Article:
Laser tattoo removal is expensive and painful.  When you agree to have a tattoo removed, you do so under the impression that the tattoo will be removed by a professional with sufficient training and skill and that they will carry out the process safely.  Unfortunately, this is not always the case.  If the tattoo removal you received did not conform to strict health and safety guidelines, and you were injured as a result, you may be entitled to compensation for your injury.  Successful tattoo removal injury claims possess three essential components: liability, damages, and collectability. 


Liability means that whoever performed the tattoo removal owed you a duty of care, breached their duty of care, and that you were injured as a result. A duty of care is a legal duty to protect others from the unreasonable risk of harm. Tattoo removal providers have a duty to screen and diagnose any pre-existing medical conditions, such as skin cancer or skin infections, which would make laser tattoo removal a health risk. Failing to identify whether a patient’s medical condition makes laser tattoo removal risky endangers the patient’s health and therefore makes the provider liable.

People without professional medical licensing should not perform laser tattoo removal under any circumstances. Laser tattoo removal may only be performed by a doctor, or by a registered nurse or physician’s assistant under a doctor’s supervision.  Professional medical skills are necessary because in some cases there are skin conditions, such as tumors, which must be evaluated before treatment. Performing tattoo removal without sufficient medical training constitutes unlicensed practice of medicine and makes the tattoo removal provider liable for any injuries which occur as a result.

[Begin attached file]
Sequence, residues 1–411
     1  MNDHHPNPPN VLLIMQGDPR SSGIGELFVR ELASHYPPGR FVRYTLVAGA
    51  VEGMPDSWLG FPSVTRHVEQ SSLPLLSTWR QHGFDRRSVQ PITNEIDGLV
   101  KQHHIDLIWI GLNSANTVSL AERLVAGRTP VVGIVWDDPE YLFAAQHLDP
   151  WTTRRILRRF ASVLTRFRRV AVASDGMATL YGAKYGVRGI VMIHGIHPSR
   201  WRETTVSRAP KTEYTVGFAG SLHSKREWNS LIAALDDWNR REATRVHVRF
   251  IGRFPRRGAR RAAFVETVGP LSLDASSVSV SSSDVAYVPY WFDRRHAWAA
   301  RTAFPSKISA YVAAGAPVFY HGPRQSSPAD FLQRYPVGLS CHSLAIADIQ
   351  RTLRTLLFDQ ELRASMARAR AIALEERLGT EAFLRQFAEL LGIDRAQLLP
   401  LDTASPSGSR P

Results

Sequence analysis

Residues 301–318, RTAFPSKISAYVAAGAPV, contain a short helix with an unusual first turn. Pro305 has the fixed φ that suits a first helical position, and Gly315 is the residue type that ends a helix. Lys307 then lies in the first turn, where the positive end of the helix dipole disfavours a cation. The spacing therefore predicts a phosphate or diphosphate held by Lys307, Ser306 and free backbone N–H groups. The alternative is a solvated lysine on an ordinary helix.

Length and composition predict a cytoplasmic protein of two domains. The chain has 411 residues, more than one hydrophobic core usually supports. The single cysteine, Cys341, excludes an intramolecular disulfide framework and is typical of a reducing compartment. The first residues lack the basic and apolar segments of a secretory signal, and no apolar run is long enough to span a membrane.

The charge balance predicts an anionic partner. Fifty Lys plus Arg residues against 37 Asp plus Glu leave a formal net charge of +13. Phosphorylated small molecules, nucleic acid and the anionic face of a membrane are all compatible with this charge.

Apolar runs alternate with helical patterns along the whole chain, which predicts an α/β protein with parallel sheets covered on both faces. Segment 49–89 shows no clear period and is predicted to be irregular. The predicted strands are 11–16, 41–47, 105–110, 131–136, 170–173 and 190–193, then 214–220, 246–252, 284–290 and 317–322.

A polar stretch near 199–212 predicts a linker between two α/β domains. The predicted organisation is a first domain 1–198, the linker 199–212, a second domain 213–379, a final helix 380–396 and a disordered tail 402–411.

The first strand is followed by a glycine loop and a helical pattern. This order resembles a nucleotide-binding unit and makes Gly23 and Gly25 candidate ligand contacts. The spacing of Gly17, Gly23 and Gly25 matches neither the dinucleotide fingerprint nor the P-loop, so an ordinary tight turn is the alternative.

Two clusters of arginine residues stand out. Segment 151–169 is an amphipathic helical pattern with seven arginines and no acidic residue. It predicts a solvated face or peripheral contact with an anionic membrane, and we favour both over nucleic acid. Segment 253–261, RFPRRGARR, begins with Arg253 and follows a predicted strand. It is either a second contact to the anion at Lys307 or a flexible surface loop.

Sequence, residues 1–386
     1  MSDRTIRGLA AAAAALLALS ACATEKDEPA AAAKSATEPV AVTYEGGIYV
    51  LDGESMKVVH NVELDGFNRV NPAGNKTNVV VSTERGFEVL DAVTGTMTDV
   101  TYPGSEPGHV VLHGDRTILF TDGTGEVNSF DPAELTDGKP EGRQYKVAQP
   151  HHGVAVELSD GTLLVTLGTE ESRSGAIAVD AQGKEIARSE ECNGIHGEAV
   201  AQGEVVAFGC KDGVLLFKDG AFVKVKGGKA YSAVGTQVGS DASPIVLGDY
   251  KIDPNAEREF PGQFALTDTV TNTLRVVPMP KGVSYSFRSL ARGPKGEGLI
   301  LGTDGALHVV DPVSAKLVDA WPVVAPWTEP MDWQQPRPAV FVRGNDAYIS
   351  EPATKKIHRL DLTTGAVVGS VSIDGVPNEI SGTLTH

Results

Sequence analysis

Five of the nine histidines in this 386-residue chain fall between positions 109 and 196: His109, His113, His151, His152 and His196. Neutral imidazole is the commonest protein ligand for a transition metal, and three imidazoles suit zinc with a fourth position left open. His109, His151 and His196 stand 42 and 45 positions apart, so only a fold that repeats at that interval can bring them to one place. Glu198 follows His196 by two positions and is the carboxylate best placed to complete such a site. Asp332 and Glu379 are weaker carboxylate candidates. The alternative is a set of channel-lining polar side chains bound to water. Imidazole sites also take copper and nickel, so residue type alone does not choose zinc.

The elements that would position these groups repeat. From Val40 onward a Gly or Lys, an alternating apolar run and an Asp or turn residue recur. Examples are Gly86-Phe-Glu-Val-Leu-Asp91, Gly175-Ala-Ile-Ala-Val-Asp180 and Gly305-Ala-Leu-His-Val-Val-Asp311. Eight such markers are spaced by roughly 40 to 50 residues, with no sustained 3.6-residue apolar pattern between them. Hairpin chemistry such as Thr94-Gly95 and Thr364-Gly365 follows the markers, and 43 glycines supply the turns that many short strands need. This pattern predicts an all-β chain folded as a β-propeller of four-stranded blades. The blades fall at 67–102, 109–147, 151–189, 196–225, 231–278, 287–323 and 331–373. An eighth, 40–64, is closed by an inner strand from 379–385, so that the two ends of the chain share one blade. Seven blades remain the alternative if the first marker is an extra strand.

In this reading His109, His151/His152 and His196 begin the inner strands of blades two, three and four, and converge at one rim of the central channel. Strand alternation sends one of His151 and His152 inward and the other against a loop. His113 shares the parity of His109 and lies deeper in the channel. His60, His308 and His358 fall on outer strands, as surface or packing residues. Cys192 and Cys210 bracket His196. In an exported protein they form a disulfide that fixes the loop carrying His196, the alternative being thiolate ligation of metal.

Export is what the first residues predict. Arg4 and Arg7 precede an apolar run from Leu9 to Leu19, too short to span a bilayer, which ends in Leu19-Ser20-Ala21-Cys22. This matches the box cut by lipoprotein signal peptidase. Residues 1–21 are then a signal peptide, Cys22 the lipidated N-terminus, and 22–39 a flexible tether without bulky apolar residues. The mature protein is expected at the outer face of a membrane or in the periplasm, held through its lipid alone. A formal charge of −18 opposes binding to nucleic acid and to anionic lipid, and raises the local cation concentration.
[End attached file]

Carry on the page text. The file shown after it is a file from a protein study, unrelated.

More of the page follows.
Tattoo removal providers have a duty to operate the laser properly.  Even with professional medical training, it is still possible for the operator to use the laser improperly. The wrong choice of settings can cause skin damage and long-term side effects. Settings that work well on one patient may not work well on another patient.  Treating a tattoo with too much intensity on any one occasion can cause permanent damage, such as scarring.  It is also possible to cause cumulative damage, such as by scheduling repeated treatments before the skin has healed.

They also have a duty to provide proper aftercare instructions.  The person who performs the tattoo removal should instruct patients on how to treat the skin afterwards, and warn patients about potential health risks after the tattoo removal procedure.  Failing to warn patients of health risks after the tattoo removal puts them in danger of developing serious skin infections and side effects. 

Failing to diagnose pre-existing medical conditions, using the laser incorrectly, and failing to provide proper aftercare instructions are all breaches of duty which give rise to liability for tattoo removal providers.